Alternative therapeutic management of reflux disease should be considered for people with severe asthma, a new study has concluded.
Previous studies have shown that people with asthma are more likely to have reflux (where contents from the stomach comes back up the oesophagus) than healthy people.
Researchers at the University of Southampton have now identified reflux as the cause of significant effects on bronchial cell structure and function especially for individuals with severe asthma.
In a study – published in the European Respiratory Journal – researchers developed models of gastro-oesophageal reflux disease (GORD) using differentiated bronchial epithelial cells from normal or severe asthmatic donors exposed to a combination of pepsin, acid pH, and bile acids.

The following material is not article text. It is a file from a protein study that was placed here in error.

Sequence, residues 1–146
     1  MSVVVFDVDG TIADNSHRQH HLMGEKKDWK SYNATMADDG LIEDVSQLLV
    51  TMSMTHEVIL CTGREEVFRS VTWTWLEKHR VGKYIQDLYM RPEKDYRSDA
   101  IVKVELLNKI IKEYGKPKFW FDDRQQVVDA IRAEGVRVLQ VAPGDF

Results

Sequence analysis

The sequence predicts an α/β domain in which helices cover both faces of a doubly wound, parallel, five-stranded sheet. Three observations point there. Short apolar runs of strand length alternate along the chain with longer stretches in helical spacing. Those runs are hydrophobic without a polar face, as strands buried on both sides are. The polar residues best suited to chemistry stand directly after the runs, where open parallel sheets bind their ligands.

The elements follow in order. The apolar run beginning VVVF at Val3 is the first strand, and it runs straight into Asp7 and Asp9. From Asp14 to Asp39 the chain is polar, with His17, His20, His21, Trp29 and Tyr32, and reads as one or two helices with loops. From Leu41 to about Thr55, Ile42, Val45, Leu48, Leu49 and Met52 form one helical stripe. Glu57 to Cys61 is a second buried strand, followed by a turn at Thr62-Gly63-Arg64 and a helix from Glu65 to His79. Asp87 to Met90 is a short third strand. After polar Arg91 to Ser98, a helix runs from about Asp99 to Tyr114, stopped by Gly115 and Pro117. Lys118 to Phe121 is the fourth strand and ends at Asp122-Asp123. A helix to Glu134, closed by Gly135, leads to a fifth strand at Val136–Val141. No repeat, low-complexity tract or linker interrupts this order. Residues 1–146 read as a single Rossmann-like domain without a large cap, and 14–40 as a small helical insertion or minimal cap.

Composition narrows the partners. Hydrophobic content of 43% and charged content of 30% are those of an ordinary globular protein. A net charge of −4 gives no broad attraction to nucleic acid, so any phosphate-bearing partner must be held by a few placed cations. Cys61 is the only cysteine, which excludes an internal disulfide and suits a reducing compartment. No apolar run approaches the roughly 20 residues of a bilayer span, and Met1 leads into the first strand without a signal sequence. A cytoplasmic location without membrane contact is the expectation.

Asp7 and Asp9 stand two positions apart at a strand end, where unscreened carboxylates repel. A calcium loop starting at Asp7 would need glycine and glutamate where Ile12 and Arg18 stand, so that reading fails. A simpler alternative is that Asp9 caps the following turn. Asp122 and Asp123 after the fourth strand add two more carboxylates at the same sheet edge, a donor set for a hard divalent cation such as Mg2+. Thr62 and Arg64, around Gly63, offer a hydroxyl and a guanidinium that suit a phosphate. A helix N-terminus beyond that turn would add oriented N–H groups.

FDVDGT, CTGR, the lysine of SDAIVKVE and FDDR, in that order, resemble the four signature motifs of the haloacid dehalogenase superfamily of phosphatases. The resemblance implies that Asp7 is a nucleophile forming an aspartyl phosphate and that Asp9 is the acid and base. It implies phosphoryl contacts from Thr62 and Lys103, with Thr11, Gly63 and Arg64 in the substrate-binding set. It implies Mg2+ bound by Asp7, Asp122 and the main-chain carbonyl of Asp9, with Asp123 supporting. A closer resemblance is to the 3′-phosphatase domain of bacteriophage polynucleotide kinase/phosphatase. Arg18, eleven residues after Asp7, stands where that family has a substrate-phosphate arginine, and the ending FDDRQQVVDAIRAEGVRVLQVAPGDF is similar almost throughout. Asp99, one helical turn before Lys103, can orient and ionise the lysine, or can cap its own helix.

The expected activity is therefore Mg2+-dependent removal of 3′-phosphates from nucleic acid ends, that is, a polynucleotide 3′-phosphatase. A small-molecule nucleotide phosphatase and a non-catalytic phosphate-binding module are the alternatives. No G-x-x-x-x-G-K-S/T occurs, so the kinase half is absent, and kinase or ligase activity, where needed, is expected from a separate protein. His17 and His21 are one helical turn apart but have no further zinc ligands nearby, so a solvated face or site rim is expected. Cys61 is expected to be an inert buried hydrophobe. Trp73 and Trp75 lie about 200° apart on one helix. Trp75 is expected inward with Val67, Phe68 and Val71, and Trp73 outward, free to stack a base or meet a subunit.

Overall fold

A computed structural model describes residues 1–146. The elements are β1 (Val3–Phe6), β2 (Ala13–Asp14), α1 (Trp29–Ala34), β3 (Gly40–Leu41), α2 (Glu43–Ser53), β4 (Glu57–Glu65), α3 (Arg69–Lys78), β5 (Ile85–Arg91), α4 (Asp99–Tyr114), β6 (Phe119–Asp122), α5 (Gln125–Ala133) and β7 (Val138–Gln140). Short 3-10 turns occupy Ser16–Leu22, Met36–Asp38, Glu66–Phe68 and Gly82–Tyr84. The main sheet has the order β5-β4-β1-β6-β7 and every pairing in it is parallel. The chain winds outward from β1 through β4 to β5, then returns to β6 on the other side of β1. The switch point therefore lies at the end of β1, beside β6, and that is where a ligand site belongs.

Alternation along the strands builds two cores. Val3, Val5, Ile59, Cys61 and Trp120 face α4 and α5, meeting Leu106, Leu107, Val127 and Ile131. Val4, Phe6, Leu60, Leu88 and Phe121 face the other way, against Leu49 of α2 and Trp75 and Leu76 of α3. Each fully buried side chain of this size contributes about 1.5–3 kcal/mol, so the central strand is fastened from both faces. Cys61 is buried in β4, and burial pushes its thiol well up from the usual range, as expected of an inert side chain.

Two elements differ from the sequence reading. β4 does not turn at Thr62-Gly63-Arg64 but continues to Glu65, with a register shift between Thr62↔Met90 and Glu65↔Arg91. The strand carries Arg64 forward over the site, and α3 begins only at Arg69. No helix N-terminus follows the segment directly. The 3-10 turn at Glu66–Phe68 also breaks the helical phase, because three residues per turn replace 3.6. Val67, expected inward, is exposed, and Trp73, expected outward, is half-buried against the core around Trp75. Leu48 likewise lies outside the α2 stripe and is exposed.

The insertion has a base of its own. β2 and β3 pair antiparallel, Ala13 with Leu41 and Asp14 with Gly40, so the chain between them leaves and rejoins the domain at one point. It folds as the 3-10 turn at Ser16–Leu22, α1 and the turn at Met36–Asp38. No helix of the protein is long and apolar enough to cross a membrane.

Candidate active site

Cultures from severe asthmatics were significantly more affected than those from healthy donors. This suggests in severe asthma the bronchial epithelium is more susceptible to the effects of acid reflux.
The study concluded that: “By affecting epithelial permeability, GORD may increase exposure of the airway submucosa to allergens and pathogens, resulting in increased risk of inflammation and exacerbations.
“The results suggest the need for research into alternative therapeutic management of GORD in severe asthma”.
Alternatives could be medication, for example GABA B agonists such as baclofen and lesogaberan. Or dopamine agonists like metoclopramide and promotility agents, such as macrolides. Perhaps also operative treatment, such as fundoplication.